Bestseller Hollywood, Part Two – Movie Tie Ins

The movie tie-in was such an obvious synergy you had to wonder why it was not employed in more significant fashion prior to the 1960s. The reason was that movie-making and publishing were generally viewed as completely separate entities, only crossing over when books were sold to Hollywood. And up to the mid-1950s, Hollywood had a ton of other, better, more effective marketing tools at its behest. It was reckoned that by 1955 the industry was taking advantage of promotional plugs worth about $350 million a year (equivalent to $3.5 billion today).

In 1948, for example, Mr. Blandings Builds His Dream House had amassed an estimated $5 million merchandising pot (worth around $56 million today), so much so the booklet listing all the participants ran to a massive 72-pages. Anything that could be sold on the back of a picture – furnishing, clothes, vehicles – provided a mountain of free advertising by the simple device of enrolling manufacturers, suppliers and retailers in a marketing campaign. But by 1960, as television advertising more straightforwardly pitched such goods towards the general public, that well of merchandising dried up.

Film publicists casting about for new exploitation outlets latched onto paperbacks. At the start of the decade, the paperback industry was booming, shifting over 280 million copies a year. Dell, in particular, had come to realise the “remarkable sales impact of books which have tie-ins with a motion picture” and noted that “in most instances (paperback) book sales prior to the picture will be equaled following the release of the picture.” Publishing executive William C. Engel, pointing to the movie tie-in for Psycho, reprinted three times in two months, reckoned that a “big spectacular picture will stimulate sales of a paperback.” At that time Bantam was equally buoyant, with 32 books in the tie-in business on the basis that films increased sales by 50 per cent.

Many moviegoers will fondly remember the 1960s as the glory days of the movie tie in. Sometimes the first time a film fan would get a glimpse of a movie’s advertising campaign was when they picked up the book tie-in. In those days hardcover books were often very plain, little on offer but title and author. But paperback specialists like Dell, Avon, Pocket Books, New American Library, Bantam, Fawcett and Ballantine in the U.S. and Pan, Fontana and New English Library in Britain seemed to revel in glorious colorful titles and were positioned to take advantage of movie advertising campaigns.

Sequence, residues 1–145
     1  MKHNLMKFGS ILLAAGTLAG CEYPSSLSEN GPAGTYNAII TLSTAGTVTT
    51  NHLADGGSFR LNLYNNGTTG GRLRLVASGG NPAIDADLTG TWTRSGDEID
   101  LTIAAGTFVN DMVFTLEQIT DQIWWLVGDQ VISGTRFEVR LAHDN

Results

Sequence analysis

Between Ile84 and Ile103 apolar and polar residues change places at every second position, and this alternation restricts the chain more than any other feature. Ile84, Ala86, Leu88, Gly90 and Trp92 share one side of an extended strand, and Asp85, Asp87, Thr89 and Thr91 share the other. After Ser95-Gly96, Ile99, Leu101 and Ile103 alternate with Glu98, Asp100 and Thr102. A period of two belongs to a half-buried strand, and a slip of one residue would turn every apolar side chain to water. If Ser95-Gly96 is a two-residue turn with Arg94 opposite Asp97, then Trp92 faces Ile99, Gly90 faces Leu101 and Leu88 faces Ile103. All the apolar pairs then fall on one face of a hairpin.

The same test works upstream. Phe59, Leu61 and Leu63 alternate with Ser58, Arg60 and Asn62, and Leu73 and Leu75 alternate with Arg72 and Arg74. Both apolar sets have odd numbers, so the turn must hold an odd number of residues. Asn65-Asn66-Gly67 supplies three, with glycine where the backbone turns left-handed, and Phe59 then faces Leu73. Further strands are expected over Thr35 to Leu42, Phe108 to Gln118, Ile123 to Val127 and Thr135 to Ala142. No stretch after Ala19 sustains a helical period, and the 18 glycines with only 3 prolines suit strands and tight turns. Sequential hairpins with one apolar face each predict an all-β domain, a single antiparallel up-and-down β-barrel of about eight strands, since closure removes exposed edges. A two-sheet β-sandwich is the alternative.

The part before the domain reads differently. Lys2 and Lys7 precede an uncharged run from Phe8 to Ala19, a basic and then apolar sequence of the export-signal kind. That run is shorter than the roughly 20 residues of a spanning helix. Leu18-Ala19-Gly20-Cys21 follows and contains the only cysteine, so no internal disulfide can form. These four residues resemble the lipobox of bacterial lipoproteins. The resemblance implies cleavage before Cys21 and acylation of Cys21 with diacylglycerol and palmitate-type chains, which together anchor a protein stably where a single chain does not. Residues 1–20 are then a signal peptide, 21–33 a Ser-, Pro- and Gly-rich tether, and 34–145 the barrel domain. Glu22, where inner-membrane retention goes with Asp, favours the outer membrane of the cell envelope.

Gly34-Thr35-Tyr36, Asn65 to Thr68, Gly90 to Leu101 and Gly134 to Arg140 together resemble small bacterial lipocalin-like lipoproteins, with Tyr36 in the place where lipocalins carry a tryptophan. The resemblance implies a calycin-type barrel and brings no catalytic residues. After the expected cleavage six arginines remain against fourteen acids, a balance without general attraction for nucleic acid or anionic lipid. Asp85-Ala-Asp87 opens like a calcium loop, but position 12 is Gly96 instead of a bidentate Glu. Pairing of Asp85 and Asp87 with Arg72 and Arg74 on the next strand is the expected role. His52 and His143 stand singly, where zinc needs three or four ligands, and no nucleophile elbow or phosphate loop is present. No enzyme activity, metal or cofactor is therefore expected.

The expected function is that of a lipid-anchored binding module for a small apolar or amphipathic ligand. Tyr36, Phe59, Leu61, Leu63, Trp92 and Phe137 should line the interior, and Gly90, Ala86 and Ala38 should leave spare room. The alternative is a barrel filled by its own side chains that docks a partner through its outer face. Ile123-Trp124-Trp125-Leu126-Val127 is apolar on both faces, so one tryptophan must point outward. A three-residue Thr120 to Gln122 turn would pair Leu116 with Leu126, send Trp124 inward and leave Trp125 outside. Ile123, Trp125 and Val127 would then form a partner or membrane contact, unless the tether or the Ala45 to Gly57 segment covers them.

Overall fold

While waiting to make the movie, Columbia kept the novel in the bestseller lists by pumping funding into an advertising campaign for the book.

Some studios like Columbia had begun to spend money promoting the books it had bought in order to keep the titles in the bestseller lists until it was time for the movie to appear – a technique later adopted by Paramount to turn Love Story (1970) into a bestseller in the first place.

At the start of the decade, virtually every Twentieth Century Fox release was linked with a paperback. United Artists, in 1961, could count on paperbacks to support ten of its releases – Judgement at Nuremberg, The Young Doctors, Paris Blues, Sergeants 3, Something Wild, Birdman of Alcatraz, The Miracle Worker, The Happy Thieves, What a Wonderful Life and Jessica.

It was an odd relationship in many respects. Studios paid publishers for the rights to film their novels then when the properties they had purchased were turned into films they then helped publishers achieve a bigger bounty, assisting them sell more books by furnishing movie artwork and stills for the covers. Yet there was benefit. Every copy printed was one more piece of advertising for the film, often in places where a studio would not normally advertise and serving as advance buzz.

It soon became apparent that publishers could target potential moviegoers in ways that were too difficult or too expensive for studios. Publishing designers did not need to employ their skills to come up with original covers, they simply took the movie advertising artwork and stills for front and back cover. Occasionally, they would run a photo spread inside. They might even run movie credits alongside the title page. If the sight of a movie advert on the cover of a paperback encouraged the public to consider going to the movie, then the reverse was equally true, movie advertising resulted in increased book sales. Studios used a diverse range of paperback publishers, going where they were likely to get the best promotional deal.

By the mid-1960s every studio was knee-deep in movie tie-ins.

In 1965 Dell had 47 titles sold to studios either for imminent or future production. The Collector, Genghis Khan and Lord Jim were slated for Columbia, there was Harlow for Embassy and The Sound of  Music (based on the Von Trapp Family book) for Twentieth Century Fox. How to Murder Your Wife and The Knack were being filmed by United Artists, The Amorous Adventures of Moll Flanders by Paramount, Assault on a Queen and The Bride Wore Black set for Seven Arts, and The Cincinnati Kid and The Loved One lined up for MGM.